Paolo Coluzzi, author of the recently released Buddhism and Pilgrimage: A Journey to the Four Sites, has been interested in Buddhism since he was 17 years old. Growing up in Italy, he became unsatisfied with aspects of Catholicism at an early age and was immediately drawn to Buddhism after discovering a book by Christmas Humphreys, the founder of the London Buddhist Society, in the library of his secondary school. From there, he read as much as he could on the subject, took up meditation, and explored other traditions, including Hinduism. But it wasn’t until he moved to Brunei to teach and started backpacking around Asia that he reached a deeper level of connection with Buddhism. “Everything changed,” Coluzzi recalled of this time in his life, “because for the first time I could really touch Buddhism.”

Now a professor at the University of Malaya in Kuala Lumpur, Coluzzi recently transformed a manuscript from his travels into the latest installment of Mud Pie Book’s “Buddhism and” series. Buddhism and Pilgrimage, which came out at the beginning of September, focuses on the four sacred sites in Buddhism: Lumbini, where the Buddha was born; Bodhgaya, where the Buddha attained enlightenment; Sarnath, where the Buddha began to teach; and Kushinagar, where the Buddha died. Each chapter begins with an introduction, putting the pilgrimage site in context with a story about the Buddha, and then leads into a journal entry from the author’s travels to the site. Tricycle caught up with Coluzzi to learn more about the writer behind the diary entries and how practitioners can make the most of a time when pilgrimage remains challenging for most. 

Why is pilgrimage important to Buddhists and why did you want to write about it? It’s not an obligation. You can be a very good Buddhist without ever traveling to India. But I think in general pilgrimage has been such an important part of the spiritual path because the effort to get there gives you a kind of strength. For me, it gave me so much energy when I was in Bodh Gaya, for example. The meditations I had there were so amazing and so deep. Even now when I feel a little bit down for some reason, one of the ways I cheer myself up is thinking about my travels, especially to India. If you manage to take it easy and just enjoy what you’re experiencing, be open to everything, and not try to be too much in control, it’s an amazing way of traveling.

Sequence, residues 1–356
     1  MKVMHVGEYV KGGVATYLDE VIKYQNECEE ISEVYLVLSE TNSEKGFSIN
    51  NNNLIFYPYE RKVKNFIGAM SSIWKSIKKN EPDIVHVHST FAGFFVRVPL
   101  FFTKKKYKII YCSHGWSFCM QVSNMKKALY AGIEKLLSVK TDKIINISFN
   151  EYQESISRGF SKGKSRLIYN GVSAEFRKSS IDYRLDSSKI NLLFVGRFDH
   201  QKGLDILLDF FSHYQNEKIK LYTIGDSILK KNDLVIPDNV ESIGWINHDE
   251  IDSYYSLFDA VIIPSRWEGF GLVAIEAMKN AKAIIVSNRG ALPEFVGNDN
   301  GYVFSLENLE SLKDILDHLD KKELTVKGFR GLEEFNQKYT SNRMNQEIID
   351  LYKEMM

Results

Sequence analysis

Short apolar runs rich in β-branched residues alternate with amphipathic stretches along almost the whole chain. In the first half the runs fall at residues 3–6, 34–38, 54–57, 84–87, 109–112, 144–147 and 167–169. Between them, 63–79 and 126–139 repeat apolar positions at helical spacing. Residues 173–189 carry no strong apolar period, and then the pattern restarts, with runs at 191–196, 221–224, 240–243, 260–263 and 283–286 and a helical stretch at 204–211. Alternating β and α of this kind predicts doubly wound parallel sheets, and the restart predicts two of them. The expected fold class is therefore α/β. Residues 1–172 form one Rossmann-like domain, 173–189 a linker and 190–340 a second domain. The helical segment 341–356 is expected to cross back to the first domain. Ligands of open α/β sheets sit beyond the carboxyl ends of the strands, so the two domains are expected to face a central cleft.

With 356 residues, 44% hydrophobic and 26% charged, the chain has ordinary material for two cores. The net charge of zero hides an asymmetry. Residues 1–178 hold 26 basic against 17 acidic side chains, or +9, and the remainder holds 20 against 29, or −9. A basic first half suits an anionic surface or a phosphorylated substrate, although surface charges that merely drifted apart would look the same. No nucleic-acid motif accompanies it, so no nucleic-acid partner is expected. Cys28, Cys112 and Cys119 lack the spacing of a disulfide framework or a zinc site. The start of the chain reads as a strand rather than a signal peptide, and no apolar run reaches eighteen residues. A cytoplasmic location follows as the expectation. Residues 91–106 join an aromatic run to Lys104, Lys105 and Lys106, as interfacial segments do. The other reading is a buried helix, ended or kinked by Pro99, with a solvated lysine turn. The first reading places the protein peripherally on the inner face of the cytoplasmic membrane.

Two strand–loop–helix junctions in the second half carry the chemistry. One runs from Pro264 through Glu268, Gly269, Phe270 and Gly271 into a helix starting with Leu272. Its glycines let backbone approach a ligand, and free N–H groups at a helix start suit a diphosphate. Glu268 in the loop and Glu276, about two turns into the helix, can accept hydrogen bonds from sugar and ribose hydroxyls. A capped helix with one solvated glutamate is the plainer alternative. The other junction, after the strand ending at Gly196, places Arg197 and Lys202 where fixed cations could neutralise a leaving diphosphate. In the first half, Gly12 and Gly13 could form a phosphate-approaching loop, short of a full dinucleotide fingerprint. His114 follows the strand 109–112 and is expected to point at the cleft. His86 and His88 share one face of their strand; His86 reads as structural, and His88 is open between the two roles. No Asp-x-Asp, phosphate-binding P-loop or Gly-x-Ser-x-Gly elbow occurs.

The Bodhi tree in Bodh Gaya

Do you have a regular meditation practice? I do Transcendental Meditation because I see it as a practical thing that gives me energy and it’s only 20 minutes. But I also do Buddhist meditation when I can take more time. I’ve done all-day retreats. I love both. I remember a few years ago I had a chance to talk to [meditation teacher] Ajahn Brahm and I asked him about Transcendental Meditation and said, “I practice it every day. Is that OK?” He said, “That’s fine, if that works for you.” Then he stopped and looked at me and said, “However, learn Buddhist meditation as well. Then you have two different tools instead of one.” 

Travel remains difficult for most of the world due to the pandemic. What do you suggest to people whose ability to embark on a pilgrimage is limited these days? What I’m trying to do is make the most of it, to take advantage of it, and to use it as an excuse to think about things a little bit differently. Of course I miss traveling a lot but at the same time, I had time for this book and for reading. I walk more around where I live. There is a good side to this as well. 

And you can read my book! Or anything about Buddhists sites in India and Asia. And start planning. Everything is impermanent right?

The author at the Parinirvana Stupa in Kushinagar in 2017

Do you think you’ll stay in Asia or return home to Italy or somewhere else one day? I wouldn’t mind finding somewhere else in Asia or if I had the chance to go to Europe either and try to do something for Buddhism. There are a thousand different spiritual paths and that’s fine, but I would be happy if people knew a little bit more about Buddhism because I think it can give so much to society and to the world. It has to me. I think if everybody followed even the very basic five Theravada precepts, I think we would live in a different world. The very fact that Buddhism tells you that you should not base your happiness on your material things, on possessing or attachment, if that was put into practice in some way, it would change society.

To learn more about Buddhism and pilgrimage, read about why Buddhists go on pilgrimage, the four sacred sites of Buddhism, the climate threat to Buddhism’s holy sites, and an interview with Stephen Batchelor on his book, Confession of a Buddhist Atheist, which is all about pilgrimage.  

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